The Czech Republic, which was poised to scrap the strict control measures
imposed on Polish meat imports on Monday, is still waiting for written
guarantees from Poland pertaining to its own control measures which would
guarantee safe imports in the future.
Agriculture Minister Miroslav Toman, who discussed the issue with his Polish counterpart and the EU commissioner for agriculture last week said the agreed on measures were adequate and controls would cease as soon as the Czech Republic received assurances that they had been implemented.
According to Petr Majer from the State Veterinary Authority if the written guarantees arrive on Tuesday the controls could be called off on Wednesday.
The strict control measures were introduced shortly after Czech veterinary authorities confirmed salmonella- infected meat in beef and poultry imports from Poland.
Four people from Opava contracted brucellosis, a disease that was
eradicated from Czech territory six decades ago, the head of the infections
department at a hospital in the city told reporters on Tuesday. The four
caught the highly contagious illness last summer after consuming
unpasteurised milk while on holiday in Armenia.
Working with veterinarians, doctors in Opava identified the rarely seen disease after two of the victims sought treatment toward the end of last year.
Viewing the sights of Prague from a beer bike with a cold lager in hand and fifteen friends around you may seem like the perfect tour of the city, but “partying while you pedal” may soon be a thing of the past. Following the example of cities like Amsterdam, Prague City Hall wants ban to beer bikes from the historic city center and, if possible, other areas as well.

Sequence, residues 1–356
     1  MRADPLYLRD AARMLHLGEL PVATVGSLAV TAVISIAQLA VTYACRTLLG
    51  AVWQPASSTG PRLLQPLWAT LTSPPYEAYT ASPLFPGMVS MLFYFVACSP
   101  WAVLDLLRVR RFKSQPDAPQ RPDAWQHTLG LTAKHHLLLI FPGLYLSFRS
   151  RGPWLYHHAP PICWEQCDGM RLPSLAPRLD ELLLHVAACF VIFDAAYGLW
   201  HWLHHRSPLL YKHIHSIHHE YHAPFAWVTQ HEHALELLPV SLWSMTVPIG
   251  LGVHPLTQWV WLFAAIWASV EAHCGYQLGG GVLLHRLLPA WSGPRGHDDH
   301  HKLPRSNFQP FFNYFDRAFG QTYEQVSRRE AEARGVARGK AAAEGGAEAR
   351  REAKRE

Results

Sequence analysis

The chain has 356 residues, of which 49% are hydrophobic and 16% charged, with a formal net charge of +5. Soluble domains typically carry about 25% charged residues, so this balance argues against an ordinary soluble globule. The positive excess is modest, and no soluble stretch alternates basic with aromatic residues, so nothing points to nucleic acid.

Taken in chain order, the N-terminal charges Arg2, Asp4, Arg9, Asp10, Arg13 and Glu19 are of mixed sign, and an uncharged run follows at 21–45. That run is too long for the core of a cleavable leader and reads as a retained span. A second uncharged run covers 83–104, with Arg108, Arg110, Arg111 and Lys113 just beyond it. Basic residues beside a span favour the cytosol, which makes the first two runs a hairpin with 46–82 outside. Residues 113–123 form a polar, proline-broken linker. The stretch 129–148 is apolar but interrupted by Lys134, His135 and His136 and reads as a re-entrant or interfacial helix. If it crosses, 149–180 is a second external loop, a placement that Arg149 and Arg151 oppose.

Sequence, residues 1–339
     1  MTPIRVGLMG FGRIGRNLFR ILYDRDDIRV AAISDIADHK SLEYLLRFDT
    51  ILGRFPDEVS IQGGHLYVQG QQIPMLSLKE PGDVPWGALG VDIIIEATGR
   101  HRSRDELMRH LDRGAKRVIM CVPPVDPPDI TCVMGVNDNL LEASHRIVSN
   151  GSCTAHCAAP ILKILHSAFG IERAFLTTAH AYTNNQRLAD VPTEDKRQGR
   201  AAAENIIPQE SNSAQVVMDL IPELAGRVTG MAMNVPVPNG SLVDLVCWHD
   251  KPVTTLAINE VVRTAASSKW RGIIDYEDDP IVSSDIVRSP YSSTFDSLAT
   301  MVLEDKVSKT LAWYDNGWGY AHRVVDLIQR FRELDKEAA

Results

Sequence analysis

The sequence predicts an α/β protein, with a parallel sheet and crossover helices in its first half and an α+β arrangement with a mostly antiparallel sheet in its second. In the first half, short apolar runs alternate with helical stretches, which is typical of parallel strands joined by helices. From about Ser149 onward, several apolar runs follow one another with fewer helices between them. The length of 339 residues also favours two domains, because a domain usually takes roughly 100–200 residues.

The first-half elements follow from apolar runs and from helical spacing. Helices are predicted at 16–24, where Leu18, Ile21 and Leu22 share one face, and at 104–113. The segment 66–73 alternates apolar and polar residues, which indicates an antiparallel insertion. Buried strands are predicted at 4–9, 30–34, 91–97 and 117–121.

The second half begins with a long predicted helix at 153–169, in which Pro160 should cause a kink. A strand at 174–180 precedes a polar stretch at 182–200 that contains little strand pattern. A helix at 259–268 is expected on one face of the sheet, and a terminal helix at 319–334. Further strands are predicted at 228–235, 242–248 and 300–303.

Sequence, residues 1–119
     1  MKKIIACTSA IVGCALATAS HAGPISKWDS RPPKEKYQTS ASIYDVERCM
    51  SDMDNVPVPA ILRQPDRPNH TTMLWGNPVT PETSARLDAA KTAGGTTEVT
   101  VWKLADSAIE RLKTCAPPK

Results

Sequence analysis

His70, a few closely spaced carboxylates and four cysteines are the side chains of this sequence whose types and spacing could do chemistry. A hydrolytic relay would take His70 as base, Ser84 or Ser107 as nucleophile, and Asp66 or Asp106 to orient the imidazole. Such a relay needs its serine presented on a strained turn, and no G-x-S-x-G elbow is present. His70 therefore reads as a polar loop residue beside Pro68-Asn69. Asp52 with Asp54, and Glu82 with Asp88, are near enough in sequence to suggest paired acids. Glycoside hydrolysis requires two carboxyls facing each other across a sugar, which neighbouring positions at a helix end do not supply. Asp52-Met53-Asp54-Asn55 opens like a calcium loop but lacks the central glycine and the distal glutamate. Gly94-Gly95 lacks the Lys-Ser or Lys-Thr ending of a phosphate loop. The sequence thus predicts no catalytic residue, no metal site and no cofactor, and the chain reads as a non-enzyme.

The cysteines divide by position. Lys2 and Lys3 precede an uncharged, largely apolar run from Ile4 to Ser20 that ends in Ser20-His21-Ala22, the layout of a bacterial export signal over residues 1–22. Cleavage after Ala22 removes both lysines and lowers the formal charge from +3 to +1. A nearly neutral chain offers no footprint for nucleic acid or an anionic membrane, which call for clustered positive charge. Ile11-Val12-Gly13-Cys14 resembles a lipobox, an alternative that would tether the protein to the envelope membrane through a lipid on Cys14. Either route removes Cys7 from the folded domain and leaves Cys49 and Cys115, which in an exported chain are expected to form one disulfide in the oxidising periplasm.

Budějovický Budvar last year recorded the highest exports in its history. The brewing company – whose products are sold under the Czechvar brand name in some states – exported 1.07 million hectolitres of beer in 2018, a rise of 8.5 percent on the previous year, according to figures it has just released.
The Czech Republic’s Food Banks organisation has opened its first kitchen
and begun offering cooking lessons, Czech Television reported. The charity
says that many impoverished people don’t eat healthily and don’t know
how to handle the foodstuffs it provides to them.
On Tuesday professional chefs provided instruction at the Food Banks’ first cooking course. It plans to offer free lessons to single parents, seniors and the unemployed once a month.
Last year the organisation redistributed foods at a value of CZK 225 million. A law introduced in January requires large outlets to provide all their waste foodstuffs to the Food Banks.
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